Aig Imoukhuede: I am Driven By National Interest

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Unless you are able to unravel the key driving force behind a man’s actions, trying to understand who that individual truly is may turn out a fruitless exercise . Two Saturdays ago, for almost three hours, Ayo Arowolo engaged Aigboje Aig-Imoukhuede, a former Group Managing Director of Access Bank Plc and gained insight into his world views: he shared his perspectives on success; on wealth creation; on entrepreneurship; on governance; and many others. Of course, Aig, who is also the President of The Nigerian Stock Exchange, also spoke at length on his new pet project-Africa Initiative for Governance (AIG), a concept he says could revolutionise the civil service in Africa and put the continent on the path of sustainable progress. Excerpts:

So who is Aigboje-Aig Imoukhuede? A banker? A business man? An entrepreneur? A career professional? An investor? You probably won’t be wrong if you pin him down to any of those nomenclatures. He fits perfectly into any of them! Within a period of about three decades, Aig, as he is fondly called, has stamped his feet firmly on the Nigerian landscape creating a string of successful interventions. Aig himself admits: “People say that things I identify with closely tend to succeed, I’ve heard people say that and I am grateful to them for saying that and I am more importantly grateful to God for giving me whatever endowment that have made that possible. But perhaps I can think through two reasons for this. First, I don’t embark on something that I don’t believe in. When I start something I am totally committed until I finish it. That’s number one. Number two is that everything I am involved in there are certain principles that are fundamental and cannot change. One is excellence and embedded in that is best practice, another is sustainability.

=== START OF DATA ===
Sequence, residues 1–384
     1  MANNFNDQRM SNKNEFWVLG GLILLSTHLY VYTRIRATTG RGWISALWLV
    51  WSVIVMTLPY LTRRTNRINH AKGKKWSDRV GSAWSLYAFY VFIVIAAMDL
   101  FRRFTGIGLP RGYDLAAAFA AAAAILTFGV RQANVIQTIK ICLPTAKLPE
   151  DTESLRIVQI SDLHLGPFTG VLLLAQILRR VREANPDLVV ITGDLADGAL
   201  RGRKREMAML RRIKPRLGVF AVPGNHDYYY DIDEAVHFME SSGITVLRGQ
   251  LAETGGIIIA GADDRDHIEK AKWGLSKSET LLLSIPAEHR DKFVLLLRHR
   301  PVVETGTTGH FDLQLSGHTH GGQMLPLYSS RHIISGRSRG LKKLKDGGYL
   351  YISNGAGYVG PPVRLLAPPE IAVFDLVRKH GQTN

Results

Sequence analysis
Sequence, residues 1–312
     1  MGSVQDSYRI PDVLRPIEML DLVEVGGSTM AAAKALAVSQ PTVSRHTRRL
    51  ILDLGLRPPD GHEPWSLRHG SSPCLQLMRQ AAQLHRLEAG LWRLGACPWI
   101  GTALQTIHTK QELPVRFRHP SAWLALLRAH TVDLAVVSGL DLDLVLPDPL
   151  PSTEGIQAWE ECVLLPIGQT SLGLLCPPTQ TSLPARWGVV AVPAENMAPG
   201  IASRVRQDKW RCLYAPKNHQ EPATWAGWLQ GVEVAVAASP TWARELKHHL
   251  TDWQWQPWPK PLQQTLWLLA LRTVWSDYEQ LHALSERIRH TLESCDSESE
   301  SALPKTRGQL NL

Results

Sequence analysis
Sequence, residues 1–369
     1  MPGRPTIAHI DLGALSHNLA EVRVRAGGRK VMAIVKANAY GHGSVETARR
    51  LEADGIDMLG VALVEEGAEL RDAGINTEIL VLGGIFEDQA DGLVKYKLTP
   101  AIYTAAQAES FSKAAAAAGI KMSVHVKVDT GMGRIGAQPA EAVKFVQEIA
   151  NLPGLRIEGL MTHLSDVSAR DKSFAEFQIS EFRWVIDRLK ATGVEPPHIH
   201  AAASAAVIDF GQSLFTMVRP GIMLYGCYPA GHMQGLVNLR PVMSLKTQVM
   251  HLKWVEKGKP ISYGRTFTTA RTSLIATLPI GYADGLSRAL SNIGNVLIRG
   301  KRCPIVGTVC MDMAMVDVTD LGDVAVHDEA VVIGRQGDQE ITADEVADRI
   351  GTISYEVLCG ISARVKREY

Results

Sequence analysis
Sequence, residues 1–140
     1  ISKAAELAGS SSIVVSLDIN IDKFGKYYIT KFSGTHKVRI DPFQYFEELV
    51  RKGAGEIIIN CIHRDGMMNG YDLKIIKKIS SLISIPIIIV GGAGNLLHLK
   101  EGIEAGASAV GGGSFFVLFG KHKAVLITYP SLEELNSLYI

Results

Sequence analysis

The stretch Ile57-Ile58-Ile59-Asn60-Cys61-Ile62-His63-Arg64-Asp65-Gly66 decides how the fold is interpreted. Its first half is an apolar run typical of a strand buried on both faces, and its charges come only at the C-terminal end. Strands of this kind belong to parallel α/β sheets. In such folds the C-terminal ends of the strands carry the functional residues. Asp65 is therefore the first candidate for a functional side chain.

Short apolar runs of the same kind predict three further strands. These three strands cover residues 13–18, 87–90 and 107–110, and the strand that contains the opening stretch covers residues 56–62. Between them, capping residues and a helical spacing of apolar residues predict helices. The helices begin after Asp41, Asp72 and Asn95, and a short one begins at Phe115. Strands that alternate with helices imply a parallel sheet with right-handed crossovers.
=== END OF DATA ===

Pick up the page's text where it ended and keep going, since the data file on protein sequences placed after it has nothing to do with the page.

So I don’t like to be viewed as a shooting star, the one who shoots into the sky and then evaporates, no. so excellence, sustainability and partnership.

What does success then mean to Aig?